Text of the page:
Connecticut-based Phoenix Professional Services, LLC is a healthcare business that provides mental health, clinical, holistic, and therapeutic services to individuals, healthcare providers, foster care agencies, school systems, and the Connecticut Department of Children and Families. The company has two locations in Hartford and Manchester, CT.
Phoenix Professional Services CEO and Director of Integrative Medicine Tamar Draughn was one of 10 women to pitch at the Women Innovate Pitch Competition on June 30. MetroHartford Alliance Content Manager Nan Price spoke with Tamar about her entrepreneurial journey, landing in Connecticut, and getting involved in Connecticut’s entrepreneurial ecosystem.
NAN PRICE: Have you always been entrepreneurial?
TAMAR DRAUGHN: I’ve always had an entrepreneurial spirit. Looking back to when I was much younger, I’ve always tried to create something and sell something. But I didn’t necessarily realize I wanted to be an entrepreneur.
NAN: How did you segue that spirit into your business concept?
TAMAR: I was born in Jamaica, which is an impoverished country. And I was raised in Brooklyn, NY. Growing up, I realized that a lot of minority children or those impacted by their economical standing can’t access the healthcare resources they need to thrive. So, the concept started with me wanting to help reach those children whose lives were more challenging than others.
I little background: My mother transitioned from Jamaica to Brooklyn when I was 6 years old. When I was 16, she joined the U.S. military. So, right after high school, we moved to Germany, where I lived from ages 18 to 28.
I began my career in therapy there, working with U.S. Army military families. I continued my career in Europe and then, speaking of entrepreneurial spirit, I moved in Connecticut in 2008 to manage an eight-family apartment building my mother bought. I ended up living in Hartford, which reminded me of Brooklyn. I loved that it was urban and diversified.
When I moved to Connecticut, I worked for large mental health agency where I saw children kind of rotate in. There was a disconnect. I would work with a 9-year-old child and within one to three years they would return to the system with increased family issues and new traumas and underlying issues.
I wanted to change the narrative. The organization was too big. And, I feel the larger an organization gets, the harder it is to treat people with one-on-one support they need, so they don’t feel like a number. I also think individual and family therapy go hand in hand as a best effort to change unhealthy patterns and create adaptive behaviors.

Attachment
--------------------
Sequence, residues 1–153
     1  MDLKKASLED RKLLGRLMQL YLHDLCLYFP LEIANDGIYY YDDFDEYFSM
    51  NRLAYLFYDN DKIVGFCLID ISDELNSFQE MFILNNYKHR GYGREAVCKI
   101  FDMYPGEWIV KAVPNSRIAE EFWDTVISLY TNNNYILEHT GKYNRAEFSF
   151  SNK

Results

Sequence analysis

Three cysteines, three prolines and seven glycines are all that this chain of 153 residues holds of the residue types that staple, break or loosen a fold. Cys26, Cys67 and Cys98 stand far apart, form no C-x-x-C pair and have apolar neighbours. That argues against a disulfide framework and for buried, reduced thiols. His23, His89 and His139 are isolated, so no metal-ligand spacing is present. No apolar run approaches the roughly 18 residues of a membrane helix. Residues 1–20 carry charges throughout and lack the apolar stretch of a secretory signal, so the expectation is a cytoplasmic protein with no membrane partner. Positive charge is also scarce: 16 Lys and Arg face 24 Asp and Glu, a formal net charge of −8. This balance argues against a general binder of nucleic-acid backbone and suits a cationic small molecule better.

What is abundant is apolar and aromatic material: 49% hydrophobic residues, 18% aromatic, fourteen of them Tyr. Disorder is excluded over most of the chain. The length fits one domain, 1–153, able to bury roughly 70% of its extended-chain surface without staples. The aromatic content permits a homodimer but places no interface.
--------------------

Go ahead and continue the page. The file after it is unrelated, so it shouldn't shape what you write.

I launched as a sole proprietor in 2013. My company is small and I know every single client’s name. If I was to grow, I would grow in hubs. I would create other leaders so we all stay small and the director would always know everybody’s name.
NAN: How are you marketing and targeting your ideal clients?
TAMAR: This company was built from word of mouth. I came from a very large company, which really diversified me. When I left, people who knew my skills reached out to me. They would tell a friend in the community or a Department of Child Services worker would remember me and Google my name and hunt me down. We never marketed until about two years ago, when we built a website. Honestly, we save so much money because we don’t really market.
NAN: In addition to participating in the event hosted by the University of Hartford Entrepreneurial Center & Women’s Business Center (EC-WBC), have you been involved other Connecticut business resources as you’re building your business?
TAMAR: No, not really. I recently did some investing in myself as far as marketing. I used to work on government contracting overseas. And, during the pandemic with everything falling apart, I was thought: How did I forget about government contracting? So, I became registered as a contractor.
I also wanted to refine myself, so I invested in mentorship. I’m working with Samantha Williams of Sam’s Word, LLC. Sam was aware of the pitch competition and pushed me to enter.
I feel like Sam opened up a world I wasn’t really paying attention to because I’ve been working so hard running a mental health firm that offers many different services and worried about my employees and clients. So, I’ve spent a good amount of time working in my business. Now that everything is ebbing and flowing, I need to work on my business.
It’s time for me to recognize that I’m a pretty good public speaker. I need to get out there, I need to speak, and I need to learn. From that competition alone, I learned so many different ways to present yourself. I even started thinking about my own technology-based interventions—and I never thought about things like that before.
NAN: Any other business evolution?
TAMAR: The COVID-19 pandemic gave me time to be alone with myself and I started thinking: Am I meeting my personal and professional goals? While this pandemic has been a devastating experience, at the same time, it’s almost like we needed this. We needed a moment of stillness and self-reflection so we can recognize how to make the world better and how to make ourselves better. And, hopefully, we all come out of this more united and more creative than we were before.
Learn more about Phoenix Professional Services